Thursday, July 14, 2011

The McConnell Escape Plan

Poor Mitch McConnell (R-KY) is getting slammed for what he has called "a sort of last-choice option[in the debt debate]."  The senate minority leader has proposed what seems to be a reasonable way for the Republicans to escape from the stalled negotiations over the debt limit, while putting the Democrats on the defensive.  Yet, very few seem to be thrilled with McConnell's proposal.
The proposed plan would allow Obama to unilaterally raise the debt ceiling at set times and set amounts with Congress possessing the right to prevent an increase with a 2/3 vote.  This would go into effect without any deal on taxes, entitlement reform, or spending cuts.
At first glance, such a proposal appears to be a timid withdrawal and much of the far right base is livid.  Over at RedState, Erick Erickson calls McConnell "Pontius Pilate" for his "historic capitulation".  Michelle Malkin howls that it is "another mortifying McConnell head-banging-against-the-wall moment."

While the base is right to be angry at missing the opportunity to really reform the system, their anger is woefully misplaced.  McConnell's plan certainly is not optimal.  Any ideal plan should reform both the tax and entitlement systems.  However, it is a second-best backup plan - one that is preferable to realizing too late that the Democrat's truly are willing to sink the country's economy in order to maintain a surfeit of entitlements.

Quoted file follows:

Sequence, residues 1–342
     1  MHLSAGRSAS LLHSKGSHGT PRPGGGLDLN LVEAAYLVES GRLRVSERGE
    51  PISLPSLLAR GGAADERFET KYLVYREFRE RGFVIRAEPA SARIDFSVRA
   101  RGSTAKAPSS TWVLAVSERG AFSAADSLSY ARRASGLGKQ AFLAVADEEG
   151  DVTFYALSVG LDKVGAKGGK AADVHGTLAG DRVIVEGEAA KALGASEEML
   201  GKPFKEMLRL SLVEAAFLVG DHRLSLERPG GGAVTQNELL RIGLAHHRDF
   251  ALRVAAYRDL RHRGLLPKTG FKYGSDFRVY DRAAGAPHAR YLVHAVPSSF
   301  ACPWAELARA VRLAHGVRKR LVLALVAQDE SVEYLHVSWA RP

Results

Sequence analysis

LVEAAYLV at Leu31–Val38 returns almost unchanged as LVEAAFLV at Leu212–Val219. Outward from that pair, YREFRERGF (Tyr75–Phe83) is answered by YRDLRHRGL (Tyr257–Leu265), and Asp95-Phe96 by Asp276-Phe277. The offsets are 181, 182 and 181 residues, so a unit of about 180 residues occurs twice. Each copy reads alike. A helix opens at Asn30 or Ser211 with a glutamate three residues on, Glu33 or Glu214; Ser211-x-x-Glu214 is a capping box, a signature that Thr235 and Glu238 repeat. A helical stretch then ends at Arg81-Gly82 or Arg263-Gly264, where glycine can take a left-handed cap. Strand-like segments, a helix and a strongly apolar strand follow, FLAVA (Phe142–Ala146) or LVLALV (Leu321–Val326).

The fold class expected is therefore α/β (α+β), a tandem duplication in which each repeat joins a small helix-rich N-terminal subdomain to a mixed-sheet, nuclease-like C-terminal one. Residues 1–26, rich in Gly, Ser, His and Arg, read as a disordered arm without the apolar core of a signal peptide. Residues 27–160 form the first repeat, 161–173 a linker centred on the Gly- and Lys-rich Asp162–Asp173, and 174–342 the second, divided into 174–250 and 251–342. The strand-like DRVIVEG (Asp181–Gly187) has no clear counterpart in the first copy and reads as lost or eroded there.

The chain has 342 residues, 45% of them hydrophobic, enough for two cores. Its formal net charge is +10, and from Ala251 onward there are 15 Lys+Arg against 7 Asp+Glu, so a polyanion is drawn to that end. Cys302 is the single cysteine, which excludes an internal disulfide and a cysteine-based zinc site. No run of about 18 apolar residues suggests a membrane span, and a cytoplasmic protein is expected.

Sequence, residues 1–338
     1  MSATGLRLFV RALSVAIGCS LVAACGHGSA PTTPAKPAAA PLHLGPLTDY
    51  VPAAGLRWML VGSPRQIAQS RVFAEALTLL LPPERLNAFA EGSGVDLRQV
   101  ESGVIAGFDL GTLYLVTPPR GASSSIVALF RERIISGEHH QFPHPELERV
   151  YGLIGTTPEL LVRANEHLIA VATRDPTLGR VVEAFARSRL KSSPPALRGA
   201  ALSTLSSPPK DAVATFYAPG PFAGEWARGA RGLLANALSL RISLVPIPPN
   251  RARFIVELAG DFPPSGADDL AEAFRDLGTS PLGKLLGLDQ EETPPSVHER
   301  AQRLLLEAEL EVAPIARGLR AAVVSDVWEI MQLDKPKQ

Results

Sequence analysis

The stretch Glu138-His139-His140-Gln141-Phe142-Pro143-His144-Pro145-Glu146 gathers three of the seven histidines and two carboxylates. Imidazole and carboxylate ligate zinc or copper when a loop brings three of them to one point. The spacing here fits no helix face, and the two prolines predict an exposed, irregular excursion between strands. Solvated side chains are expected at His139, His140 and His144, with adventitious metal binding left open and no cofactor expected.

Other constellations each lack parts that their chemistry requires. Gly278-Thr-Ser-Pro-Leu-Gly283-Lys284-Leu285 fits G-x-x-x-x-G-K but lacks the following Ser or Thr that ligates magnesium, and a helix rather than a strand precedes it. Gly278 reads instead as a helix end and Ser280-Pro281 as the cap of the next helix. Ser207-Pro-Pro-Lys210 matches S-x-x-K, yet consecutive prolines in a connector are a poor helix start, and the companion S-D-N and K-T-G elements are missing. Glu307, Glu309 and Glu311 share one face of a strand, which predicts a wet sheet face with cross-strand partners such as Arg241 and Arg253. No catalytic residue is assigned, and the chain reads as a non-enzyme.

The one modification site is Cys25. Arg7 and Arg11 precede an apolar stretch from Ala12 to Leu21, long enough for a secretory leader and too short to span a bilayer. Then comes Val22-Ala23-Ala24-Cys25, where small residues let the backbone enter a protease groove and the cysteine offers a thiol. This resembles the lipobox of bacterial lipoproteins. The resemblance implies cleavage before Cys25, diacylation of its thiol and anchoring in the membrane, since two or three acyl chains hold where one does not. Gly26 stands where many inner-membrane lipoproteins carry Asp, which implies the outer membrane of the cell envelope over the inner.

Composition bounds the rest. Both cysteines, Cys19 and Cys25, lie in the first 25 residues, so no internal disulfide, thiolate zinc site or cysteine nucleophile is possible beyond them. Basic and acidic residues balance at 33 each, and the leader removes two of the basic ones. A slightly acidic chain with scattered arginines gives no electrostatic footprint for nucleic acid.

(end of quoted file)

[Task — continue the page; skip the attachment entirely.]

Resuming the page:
The Wall Street Journal spells out the logic the best.
Republican Senate leader Mitch McConnell said yesterday he's concluded that no deal to raise the debt ceiling in return for serious spending restraint is possible with President Obama, and who can blame him? 
The debt ceiling is going to be increased one way or another, and the only question has been what if anything Republicans could get in return. If Mr. Obama insists on a tax increase, and Republicans won't vote for one, then what's the alternative to Mr. McConnell's maneuver?  
Republicans who say they can use the debt limit to force Democrats to agree to a balanced budget amendment are dreaming. Such an amendment won't get the two-thirds vote to pass the Senate, but it would give every Democrat running for re-election next year a chance to vote for it and claim to be a fiscal conservative.  
Even if Mr. Obama gets his debt-limit increase without any spending cuts, he will pay a price for the privilege. He'll have reinforced his well-earned reputation as a spender with no modern peer. He'll own the record deficits and fast-rising debt. And he'll own the U.S. credit-rating downgrade to AA if Standard & Poor's so decides.  
We'd far prefer a bipartisan deal to cut spending and reform entitlements without a tax increase. But if Mr. Obama won't go along, there's no reason Republicans should help him dodge the political consequences by committing debt-limit harakiri.
Essentially, if no deal is possible then McConnell's plan lets Obama take the fall for raising the debt ceiling without cuts (a surefire way to look like an economic dunce), absolve the Republicans of charges of being obstinate and causing economic turmoil, and salvage the economy in the short-run in order to fight the entitlement battle another day.  The alternatives?  Sign on to the Democrat's plan or allow the economy to run off a cliff.  If a deal with the Democrats truly isn't possible, the McConnell plan seems like a healthy way out.

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